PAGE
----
One of the biggest disruptions that COVID-19 presents is its effect on employees' ability to work - both because of quarantine measures and, of course, the effects of the virus itself on infected workers.
Employers understandably have a number of questions about self-isolation, sick leave and sick pay and what to tell their employees during this period. Whilst the situation is evolving, here is what we know as of the date this article is published.
Self-isolation requires the individual to remain at home for a period of time to limit their contact with others.
As of 16 March 2020, people are now advised to stay at home if they have either:
- a high temperature (i.e. 37.8C+) – feeling hot to touch on your chest or back.
- a new, continuous cough – i.e. you've started coughing repeatedly.
If an individual has symptoms, then guidance is that they should stay at home for 7 days, but that if they live with other people, they should stay at home for 14 days from the day the first person presents with symptoms.
Can employees work while self-isolating because of COVID-19?
In some cases, employees may be able to work from home while in self-isolation. However, in many cases, if an employee is unable to attend their place of work, they will be unable to work, as in the case of those working in frontline services in the care sector, healthcare, cleaning, hospitality, catering and the emergency services.
If employees show symptoms of COVID-19, what should they do?
If the symptomatic individual lives with someone who is 70 or over, has a long-term condition, is pregnant or has a weakened immune system, then they should try to find somewhere else for them to stay for 14 days. If they have to stay at home together, then they should try to keep away from each other as much as possible.
For these initial periods of self-isolation, the advice is that symptomatic individuals should not go to a GP surgery, pharmacy or hospital, that they do not need to contact 111 to tell them they're staying at home, and that testing for coronavirus is not needed if the person is staying at home.
Individuals should, however, use the NHS 111 online Coronavirus service if:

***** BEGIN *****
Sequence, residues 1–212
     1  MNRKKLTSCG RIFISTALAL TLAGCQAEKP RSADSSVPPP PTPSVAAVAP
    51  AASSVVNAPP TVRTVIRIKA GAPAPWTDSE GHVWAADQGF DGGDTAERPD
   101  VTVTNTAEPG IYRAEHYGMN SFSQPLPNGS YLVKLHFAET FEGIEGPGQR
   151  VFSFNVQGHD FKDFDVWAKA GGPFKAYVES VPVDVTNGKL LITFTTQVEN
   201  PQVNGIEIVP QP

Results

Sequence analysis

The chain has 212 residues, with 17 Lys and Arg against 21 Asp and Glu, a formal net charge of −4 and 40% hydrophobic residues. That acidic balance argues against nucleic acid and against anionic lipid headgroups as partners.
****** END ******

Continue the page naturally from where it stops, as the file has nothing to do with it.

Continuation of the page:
- they feel they cannot cope with their symptoms at home.
- their condition gets worse.
- their symptoms do not get better after 7 days.
What about everyone else?
The following significant measures have also been announced:
- Everyone should stop non-essential contact with others. This is particularly important for people over 70, those with underlying health conditions and pregnant women
- People should work from home where they can
- People should avoid places like pubs, clubs and theatres. This applies especially to those in London which is "a few weeks ahead" of the rest of the UK
- People should stop all unnecessary travel
The Government has other powers which it could use to protect people from infection, including school closures.
Pay during self-isolation
Statutory Sick Pay (SSP) entitlement is being extended on a temporary basis to cover individuals who are not ill but are unable to work because they have been advised to self-isolate in line with Government guidance. Such SSP entitlement will also be payable from day 1 (whereas it would normally be payable from day 4 of an absence) for affected individuals.
Employers should keep a careful record of all such absences but have been urged to use their discretion about what evidence, if any, they ask for. If employees do need to provide evidence to their employer that they need to stay at home due to coronavirus, they will be able to get it from NHS 111 Online instead of having to get a fit note from their doctor – this is currently under development and will be made available soon.